Physical description: Serranids are amongst the more unusual amongst the starfaring races, and their very existence has caused many an uproar in conventional circles regarding the requirements for sapient life. In appearance they most resemble particularly large cod or grouper crossed with lionfish, with elongated fins and long prehensile spines. Their homeworld is very dense with dissolved heavy metals, which they flush to their skin, lending them a variety of vibrant colours depending on their diets – primarily smaller marine life, though they can subsist on the micro-organisms that flood nutrient rich water. Though detailed communication seems impossible to most observers, in fact they employ a complex and intricate system of subtle body and fin movements, communicating the most difficult of ideas with nothing more than slow movements.
For a Serranid, reproduction is a casual thing and simply a fact of life – almost every Serranid has given birth at a young age, a byproduct of their fishlike natures. They spawn eggs by the hundred in carefully guarded chambers, where specially appointed guardians watch over them until hatching – Serranids have a notoriously high mortality rate in the egg, and few would risk losing any more potential fry through negligence. Still, despite the high mortality rate the combination of volume and birth during the early years of life has bestowed good birth rates upon the Serranids.
By the age of 15 most Serranids have exhausted their reproductive potential, and it is at this age that they are considered adults and take on professional roles in Serranid society. There is no known maximum life expectancy for a Serranid in good health, and in old age Serranids can grow to truly immense sizes – a quirk which led to their common name being given to them. A misnomer though it may be, it has stuck and the Serranids have no burning desire to change it.
Personality: It is difficult to simply categorise Serranids in terms of personality; indeed, it is difficult to fairly categorise any sapient race. Nevertheless, it is the Serranids' alien nature to many races which makes it hardest to speak to any particular trend they exhibit. Predatory in diet and aggressive in their pursuit of prey, they tend towards the energetic and are similarly aggressive in their pursuit of goals, whether it be knowledge, construction, or warfare. Older Serranids slow down, and tend to be more measured and level in their doings, no longer able to move so quickly from their bulk.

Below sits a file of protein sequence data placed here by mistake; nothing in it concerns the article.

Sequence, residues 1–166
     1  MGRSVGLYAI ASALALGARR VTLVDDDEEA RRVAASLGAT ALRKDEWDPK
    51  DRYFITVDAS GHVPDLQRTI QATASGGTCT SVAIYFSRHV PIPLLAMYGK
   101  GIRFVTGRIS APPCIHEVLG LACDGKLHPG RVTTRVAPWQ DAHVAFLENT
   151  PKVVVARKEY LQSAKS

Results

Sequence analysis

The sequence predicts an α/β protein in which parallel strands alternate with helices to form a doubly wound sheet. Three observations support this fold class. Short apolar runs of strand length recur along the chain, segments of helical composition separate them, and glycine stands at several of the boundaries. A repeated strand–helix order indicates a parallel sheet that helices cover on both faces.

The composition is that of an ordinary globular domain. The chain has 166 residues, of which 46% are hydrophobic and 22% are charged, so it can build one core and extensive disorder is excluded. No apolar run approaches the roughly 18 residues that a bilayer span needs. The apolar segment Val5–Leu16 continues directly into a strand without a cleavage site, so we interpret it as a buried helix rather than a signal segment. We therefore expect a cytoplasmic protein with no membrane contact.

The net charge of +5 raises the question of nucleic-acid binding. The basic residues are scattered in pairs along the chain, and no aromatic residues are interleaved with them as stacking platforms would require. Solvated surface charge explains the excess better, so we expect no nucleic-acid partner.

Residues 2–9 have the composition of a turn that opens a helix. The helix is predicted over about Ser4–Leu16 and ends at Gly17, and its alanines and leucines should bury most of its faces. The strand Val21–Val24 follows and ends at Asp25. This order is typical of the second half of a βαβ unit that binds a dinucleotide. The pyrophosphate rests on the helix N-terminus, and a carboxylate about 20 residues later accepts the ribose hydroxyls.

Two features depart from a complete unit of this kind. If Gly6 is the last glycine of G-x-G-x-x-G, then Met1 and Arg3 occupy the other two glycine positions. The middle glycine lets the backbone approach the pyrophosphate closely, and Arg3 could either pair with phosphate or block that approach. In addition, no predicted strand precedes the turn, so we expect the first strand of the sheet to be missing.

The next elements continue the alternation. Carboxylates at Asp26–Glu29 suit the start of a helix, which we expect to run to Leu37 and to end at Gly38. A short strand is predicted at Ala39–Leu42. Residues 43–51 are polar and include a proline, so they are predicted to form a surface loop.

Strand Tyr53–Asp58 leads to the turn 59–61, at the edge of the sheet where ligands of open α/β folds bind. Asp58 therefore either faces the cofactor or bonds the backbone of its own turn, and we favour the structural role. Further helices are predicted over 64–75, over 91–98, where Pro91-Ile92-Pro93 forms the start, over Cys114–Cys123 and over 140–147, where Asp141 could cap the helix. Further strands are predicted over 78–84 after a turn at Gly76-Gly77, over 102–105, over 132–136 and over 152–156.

Still, as has been said, people cannot be generalised so easily, and one would not be hard pressed to find a youth possessed of the patience of the oldest elders or an elder exuberant and active despite their age.
Society: At a glance, Serranids exhibit a type of rule by strongest, with the largest examples of their kind ruling over their smaller cousins. In truth, however, Serranid governance is a curious variation on a gerontocracy. As Serranids continuously grow as they age, the biggest Serranids are almost without exception the oldest and unquestionably the most experienced – thus, they are elevated to positions of leadership to pass on their accumulated knowledge to the younger generations. However, the older generations are almost entirely unable to produce (or even closely examine) the precision devices required for most of their more advanced technology, and thus such roles are relegated to younger Serranids.
Serranid religion is completely homogeneous, and revolves around the worship of a messianic figure said to have uplifted them from savagery to their technological civilisation. It was said that a great fish descended from the surface, with a head as pale as dead coral, a body as orange as the brightest of coral fish, long fins the colour of seaweed, and a tuft of golden seaweed on its top. It swam like no other fish, splitting its tail to push against the water, and when it spoke all understood, regardless of school or species. The Great Uniter spoke to every one of the Serranids, breaking apart the barriers of language between them and unifying them against the Eternal Foe who kidnapped and ate the Serranids. When the Eternal Foe was driven from the oceans, the Great Uniter departed, leaving behind strange bright caves, smooth like a fish's scales but inedible like a rock. Inside was strange knowledge, written in the tongue of the Great Uniter. To this day the Serranids consider it the foundation of all their scientific knowledge, and one of their highest posts is that of an interpreter of the Great Uniter's teachings.